Distinguished photo-journalist and intrepid traveller Nick Danziger has photographed an extraordinary range of subjects; from the Queen to Ethiopia’s Coptic Christians.
In 2004 he won the World Press Award for his ‘mirror’ image portrait of Tony Blair and George W. Bush.
He has published several books, including the bestselling Danziger’s Travels – the story of his incredible journey along the ancient silk route and, more recently, Missing Lives – a haunting account of the families left bereft by the Balkan Wars.
Nick is also an experienced presenter and broadcaster whose many credits include documentaries such as AIDS: The Global Killer (Channel 4), War, Lies and Videotape (BBC) – which won the Prix Italia for the best documentary of the year – A Digital Picture of Britain (BBC), and a fascinating study of the photographer Jacques Henri Lartigue (Channel 4).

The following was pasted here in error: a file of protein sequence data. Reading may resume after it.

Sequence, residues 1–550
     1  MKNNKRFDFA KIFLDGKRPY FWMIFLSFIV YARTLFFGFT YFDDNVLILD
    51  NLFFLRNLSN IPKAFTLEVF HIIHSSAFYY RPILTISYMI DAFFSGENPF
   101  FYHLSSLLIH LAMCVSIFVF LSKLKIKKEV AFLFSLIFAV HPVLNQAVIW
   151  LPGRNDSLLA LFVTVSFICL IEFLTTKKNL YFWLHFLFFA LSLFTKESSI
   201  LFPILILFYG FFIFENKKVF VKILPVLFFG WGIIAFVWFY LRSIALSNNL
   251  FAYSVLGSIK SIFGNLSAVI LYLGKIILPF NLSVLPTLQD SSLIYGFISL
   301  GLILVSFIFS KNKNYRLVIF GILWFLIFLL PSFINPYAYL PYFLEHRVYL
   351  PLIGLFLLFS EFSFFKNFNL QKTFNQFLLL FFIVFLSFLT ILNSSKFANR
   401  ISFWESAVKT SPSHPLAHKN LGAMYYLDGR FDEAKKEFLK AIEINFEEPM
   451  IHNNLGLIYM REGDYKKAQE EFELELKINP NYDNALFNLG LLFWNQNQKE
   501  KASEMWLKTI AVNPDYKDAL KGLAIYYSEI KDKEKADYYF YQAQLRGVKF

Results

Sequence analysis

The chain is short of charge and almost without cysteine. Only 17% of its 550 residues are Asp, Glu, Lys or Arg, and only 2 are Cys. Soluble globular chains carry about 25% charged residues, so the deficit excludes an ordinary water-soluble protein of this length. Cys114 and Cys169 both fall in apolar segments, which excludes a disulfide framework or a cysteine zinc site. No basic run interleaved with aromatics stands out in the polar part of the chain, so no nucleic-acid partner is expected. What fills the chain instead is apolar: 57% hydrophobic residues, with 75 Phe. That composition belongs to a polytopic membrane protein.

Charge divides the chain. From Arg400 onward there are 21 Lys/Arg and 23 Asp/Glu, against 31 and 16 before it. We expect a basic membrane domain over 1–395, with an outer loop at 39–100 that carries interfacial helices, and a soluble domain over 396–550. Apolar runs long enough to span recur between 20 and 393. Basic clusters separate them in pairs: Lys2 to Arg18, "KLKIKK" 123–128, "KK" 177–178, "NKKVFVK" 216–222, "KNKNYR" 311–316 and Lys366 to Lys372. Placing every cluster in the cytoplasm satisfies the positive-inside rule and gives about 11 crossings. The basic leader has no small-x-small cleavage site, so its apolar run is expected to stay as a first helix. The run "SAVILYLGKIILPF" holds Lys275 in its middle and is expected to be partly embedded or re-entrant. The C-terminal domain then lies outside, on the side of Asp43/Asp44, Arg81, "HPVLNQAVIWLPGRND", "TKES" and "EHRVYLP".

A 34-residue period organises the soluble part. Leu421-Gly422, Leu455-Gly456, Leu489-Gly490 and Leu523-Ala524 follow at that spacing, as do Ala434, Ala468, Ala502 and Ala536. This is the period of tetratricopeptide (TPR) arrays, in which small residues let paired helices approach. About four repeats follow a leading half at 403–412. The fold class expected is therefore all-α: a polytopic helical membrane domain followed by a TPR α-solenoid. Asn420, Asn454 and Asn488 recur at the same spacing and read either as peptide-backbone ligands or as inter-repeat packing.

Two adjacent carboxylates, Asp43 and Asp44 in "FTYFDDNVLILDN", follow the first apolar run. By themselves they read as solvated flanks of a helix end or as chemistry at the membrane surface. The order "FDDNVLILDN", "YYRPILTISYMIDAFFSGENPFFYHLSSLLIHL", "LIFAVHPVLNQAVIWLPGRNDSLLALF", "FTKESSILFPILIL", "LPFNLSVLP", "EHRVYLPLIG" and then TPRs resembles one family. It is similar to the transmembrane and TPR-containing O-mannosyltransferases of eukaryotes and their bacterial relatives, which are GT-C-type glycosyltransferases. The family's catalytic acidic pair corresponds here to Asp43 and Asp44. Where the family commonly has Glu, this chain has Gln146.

Whether recording the lives of people on the margins, or offering a new perspective on the world’s most powerful monarchs and leaders, Nick always documents his subjects’ experiences with humanity and compassion.
Versatile and inspiring, Nick is a brilliant speaker who has captivated audiences in many different contexts; from conferences for IBM, Barclays Wealth Management or Deutsche Bank, to cultural events at prestigious museums and universities.
Nick’s experiences of travelling and working in adverse conditions, including conflict zones in Afghanistan and the former Yugoslavia, make him an empowering motivational speaker for corporate audiences, while his close encounters with incredible people and places provide the perfect anecdotes for engaging and witty after-dinner speeches.
He adapts his speech to the particular demands of each client and presents his powerful photographs throughout; films can also be shown by prior arrangement and he is happy to take questions.
Adventure, Arts & Culture, Motivation
Nick Danziger talks about how small items could have drastically changed people’s lives and opened opportunities. How school materials such as notebooks could have changed a girl’s future. How a box of chalk might have changed the prospects of a classroom of 125 children. How affordable babies’ milk powder would have saved the lives of twin babies.